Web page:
Robin Sloan: Well, this is what happened to me, and I think it's true for a lot of people, especially people who have lost touch with old foodways: the reality of a sourdough starter is honestly SHOCKING. That it's as much a weird roommate as a kitchen ingredient, I mean. It's probably not a very kind commentary on me, or people like me, and the way we live and eat that it should seem so strange at first—but, oh well! You've got to learn sometime. And I really do think that, beside being a key part of this iconic (delicious) substance, sourdough starter also offers this broader "ohhh" about cooking and eating and like, the whole natural world.

JZ: What's the substance of the "ohhh"? If people are making a sourdough starter because they don't have yeast, or because everyone else is doing it, or whatever, what can they expect to be sort of passively learning from that experience?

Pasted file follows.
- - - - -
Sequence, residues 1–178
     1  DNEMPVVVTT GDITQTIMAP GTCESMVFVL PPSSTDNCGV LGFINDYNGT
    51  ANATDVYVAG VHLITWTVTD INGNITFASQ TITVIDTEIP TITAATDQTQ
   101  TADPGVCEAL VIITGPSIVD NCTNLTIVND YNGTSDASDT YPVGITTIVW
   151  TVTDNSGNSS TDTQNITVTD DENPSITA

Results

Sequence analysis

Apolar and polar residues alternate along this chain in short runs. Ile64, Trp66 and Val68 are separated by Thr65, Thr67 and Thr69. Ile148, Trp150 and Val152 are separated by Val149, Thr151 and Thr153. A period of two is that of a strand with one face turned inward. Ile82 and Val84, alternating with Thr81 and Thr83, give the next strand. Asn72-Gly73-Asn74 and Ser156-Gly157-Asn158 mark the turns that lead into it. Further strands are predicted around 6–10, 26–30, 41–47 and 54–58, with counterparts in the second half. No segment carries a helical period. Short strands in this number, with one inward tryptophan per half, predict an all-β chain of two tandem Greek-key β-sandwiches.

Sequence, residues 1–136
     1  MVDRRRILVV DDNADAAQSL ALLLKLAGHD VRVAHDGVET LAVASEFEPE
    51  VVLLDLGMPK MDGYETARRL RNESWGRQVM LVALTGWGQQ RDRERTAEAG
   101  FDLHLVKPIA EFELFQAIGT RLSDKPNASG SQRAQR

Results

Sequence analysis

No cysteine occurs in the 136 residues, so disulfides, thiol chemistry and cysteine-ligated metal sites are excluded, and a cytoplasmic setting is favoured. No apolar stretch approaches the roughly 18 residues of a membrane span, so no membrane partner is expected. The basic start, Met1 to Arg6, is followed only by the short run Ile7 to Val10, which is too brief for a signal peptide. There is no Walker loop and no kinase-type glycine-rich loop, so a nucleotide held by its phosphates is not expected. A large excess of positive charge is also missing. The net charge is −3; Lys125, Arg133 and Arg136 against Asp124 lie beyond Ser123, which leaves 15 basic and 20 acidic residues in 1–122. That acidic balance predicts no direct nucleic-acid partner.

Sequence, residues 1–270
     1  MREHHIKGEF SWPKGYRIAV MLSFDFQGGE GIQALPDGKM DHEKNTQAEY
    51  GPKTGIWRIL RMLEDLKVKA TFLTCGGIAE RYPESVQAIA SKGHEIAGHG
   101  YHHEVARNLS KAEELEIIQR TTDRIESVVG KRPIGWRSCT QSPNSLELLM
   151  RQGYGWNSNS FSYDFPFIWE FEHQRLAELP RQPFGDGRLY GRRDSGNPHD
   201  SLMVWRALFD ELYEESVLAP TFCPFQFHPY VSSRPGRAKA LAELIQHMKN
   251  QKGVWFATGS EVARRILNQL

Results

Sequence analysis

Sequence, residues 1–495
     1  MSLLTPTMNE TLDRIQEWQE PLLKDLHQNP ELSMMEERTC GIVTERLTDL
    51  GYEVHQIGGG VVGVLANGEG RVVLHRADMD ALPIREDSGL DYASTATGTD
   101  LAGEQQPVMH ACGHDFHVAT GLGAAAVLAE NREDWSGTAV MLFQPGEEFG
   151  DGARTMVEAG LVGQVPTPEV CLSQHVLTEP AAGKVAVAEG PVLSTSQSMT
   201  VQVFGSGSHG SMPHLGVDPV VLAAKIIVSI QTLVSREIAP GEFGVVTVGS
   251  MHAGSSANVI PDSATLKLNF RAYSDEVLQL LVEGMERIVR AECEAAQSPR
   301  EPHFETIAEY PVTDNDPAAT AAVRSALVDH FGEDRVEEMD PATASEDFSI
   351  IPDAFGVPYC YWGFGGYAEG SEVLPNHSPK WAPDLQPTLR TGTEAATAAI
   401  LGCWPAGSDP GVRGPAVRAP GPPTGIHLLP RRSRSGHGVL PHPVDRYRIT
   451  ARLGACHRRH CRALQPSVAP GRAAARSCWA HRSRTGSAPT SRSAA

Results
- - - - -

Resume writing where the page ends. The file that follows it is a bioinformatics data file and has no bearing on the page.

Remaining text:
RS: I think the big surprise, ESPECIALLY if you get into sourdough baking because it means delicious carbs (rather than because of an interest in fermentation), is just how truly and palpably alive the starter is. I mean it MOVES. It expands and contracts. Sometimes it spills out over the lip of the jar. It has moods and very specific needs, in terms of temperature and humidity. It is really a different (LITERAL) animal than a sack of flour or even its desiccated cousins in the dry yeast packet. And when you reckon with that, I think it opens up a whole bunch of new questions and, maybe, preoccupations.

JZ: Is it possible that the fad for quarantine sourdough is not unrelated to the drive for quarantine pets?

RS: I feel like, for me, that's more aspirational than actual. This is where the fiction comes into it! I mean, I really DO believe that sourdough starters are strange, powerful, complex communities of life… but I wish they had a little bit more personality. The kind that's parsable by a human mind, anyway. So… I wrote one! (I think some of the really great sourdough bakers really are in tune with their starters that way. I have to confess I never got there; my fictional singing, burping starter was my "cheat," in a way.)